Beppe Fenoglio created one of his last works to present the war from a new, literary perspective. Indeed, Il partigiano Johnny’s writer wanted to escape from the accepted partisan narrative, swinging between testimony and historical document, relegating the narrator to a mere witness. In March 1960, Fenoglio wrote to his colleague Livio Garzanti: “A new story jumped into my mind, an individual one, a romantic plot, not on the backdrop of the civil war in Italy, but in the thick of this war”.
Published after his death, Una questione privata is a short, dense, and poignant novel, whose narrative backdrop is the drama of the Italian Resistance in WWII, intertwining a private story with the collective history. Building his work according to the three Aristotelian units of action, time, and place, Fenoglio outlined the plot, foreshortening the Resistance and exploring it only when it intersected with events affecting the protagonist.
Even if he is the narrator-of-choice of the rural world of the Langhe, told in La Malora and Un giorno di Fuoco, Fenoglio is mainly associated with the Italian Resistance theme. Like Italo Calvino, Mario Rigoni Stern, Primo Levi, Elio Vittorini, Carlo Cassola, and Cesare Pavese, the writers of Letteratura della Resistenza deal with the war between partisans, Germans, Italian Fascists and the Western Allies, and its aftermath. Driven by the dramatic events of the war and the urgency of a renewal of civil society, they can be ascribed in the literary and cinematographic Neorealism movement.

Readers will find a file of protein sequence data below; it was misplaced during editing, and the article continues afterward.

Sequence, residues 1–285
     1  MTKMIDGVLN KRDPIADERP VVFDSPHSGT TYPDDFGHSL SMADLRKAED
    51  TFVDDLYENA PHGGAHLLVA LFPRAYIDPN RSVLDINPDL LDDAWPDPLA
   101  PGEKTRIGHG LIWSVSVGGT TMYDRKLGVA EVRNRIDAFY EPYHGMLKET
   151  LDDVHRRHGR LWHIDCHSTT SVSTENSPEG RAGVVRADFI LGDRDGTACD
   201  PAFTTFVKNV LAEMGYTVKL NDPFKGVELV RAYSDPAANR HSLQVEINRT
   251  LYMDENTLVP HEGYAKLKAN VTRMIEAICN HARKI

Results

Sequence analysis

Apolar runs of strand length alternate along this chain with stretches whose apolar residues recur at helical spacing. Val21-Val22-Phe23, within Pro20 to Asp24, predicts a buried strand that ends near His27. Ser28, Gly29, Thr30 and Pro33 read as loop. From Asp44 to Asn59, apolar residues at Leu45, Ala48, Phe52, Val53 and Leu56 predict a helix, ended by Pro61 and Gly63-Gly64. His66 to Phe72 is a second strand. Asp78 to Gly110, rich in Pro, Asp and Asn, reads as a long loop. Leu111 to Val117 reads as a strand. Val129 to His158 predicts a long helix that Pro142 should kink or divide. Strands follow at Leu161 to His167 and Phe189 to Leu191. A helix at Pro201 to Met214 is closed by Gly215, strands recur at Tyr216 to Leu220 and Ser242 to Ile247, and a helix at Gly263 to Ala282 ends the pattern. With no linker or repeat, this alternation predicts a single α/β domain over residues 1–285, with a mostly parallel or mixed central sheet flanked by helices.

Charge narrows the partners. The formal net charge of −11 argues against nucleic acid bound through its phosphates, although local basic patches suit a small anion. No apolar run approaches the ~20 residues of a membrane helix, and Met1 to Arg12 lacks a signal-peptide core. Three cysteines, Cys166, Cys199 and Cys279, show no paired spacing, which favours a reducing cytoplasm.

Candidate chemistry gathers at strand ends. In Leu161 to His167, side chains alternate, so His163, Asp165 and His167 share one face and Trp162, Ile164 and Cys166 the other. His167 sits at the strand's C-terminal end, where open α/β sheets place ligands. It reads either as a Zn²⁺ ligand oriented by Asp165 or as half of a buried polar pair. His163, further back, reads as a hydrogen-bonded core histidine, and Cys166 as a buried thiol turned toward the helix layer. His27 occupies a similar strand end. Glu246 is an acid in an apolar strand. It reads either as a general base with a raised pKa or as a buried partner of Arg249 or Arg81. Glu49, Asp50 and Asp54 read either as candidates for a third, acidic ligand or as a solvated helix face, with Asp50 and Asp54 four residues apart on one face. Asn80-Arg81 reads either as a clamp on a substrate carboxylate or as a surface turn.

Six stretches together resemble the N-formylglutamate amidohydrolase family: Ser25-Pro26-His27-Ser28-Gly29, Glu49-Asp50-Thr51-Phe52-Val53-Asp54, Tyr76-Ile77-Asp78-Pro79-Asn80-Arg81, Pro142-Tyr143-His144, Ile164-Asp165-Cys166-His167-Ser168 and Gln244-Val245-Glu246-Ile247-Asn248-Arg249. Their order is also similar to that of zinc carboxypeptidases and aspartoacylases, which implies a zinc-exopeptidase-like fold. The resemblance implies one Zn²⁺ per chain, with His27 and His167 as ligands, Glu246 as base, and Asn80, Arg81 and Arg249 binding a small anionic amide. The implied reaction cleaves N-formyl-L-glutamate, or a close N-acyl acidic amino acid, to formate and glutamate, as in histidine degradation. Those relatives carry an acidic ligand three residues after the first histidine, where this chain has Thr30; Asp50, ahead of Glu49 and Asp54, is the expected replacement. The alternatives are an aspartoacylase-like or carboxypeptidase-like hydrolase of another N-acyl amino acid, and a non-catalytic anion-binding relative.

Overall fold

According to Calvino, Una questione privata is “built with the geometric tension of a novel of love madness and chivalrous chases like the Orlando Furioso, and at the same time there is the Resistance just as it was, inside and out, as true as it had never written before”.
Milton, the novel’s main character, is a student partisan fighting the clandestine Resistance war in the Piedmontese mountains. He carries with him his longing for Fulvia, with whom he had a one-sided relationship before he joined the Resistance. One day, Milton arrives by chance at the villa where she used to live, near the city of Alba. He talks with the caretaker, the only remaining inhabitant, who sows the doubt that there was something between Fulvia and Milton’s partisan friend Giorgio. This doubt will weave its way into Milton’s heart, leading him on a mission to find Giorgio – not to punish or accuse, but to know. The novel develops with and through this research: the desperate quest for a prisoner to be exchanged for Giorgio- who was captured by the Nazis- will bring Milton into the most wretched and harsh aspects of the war, overlapping the sufferance of a personal dilemma with the misery and pain of the civil one.
Rainbow: A Private Affair is the cinematographic adaptation shot by the Taviani Brothers in 2017.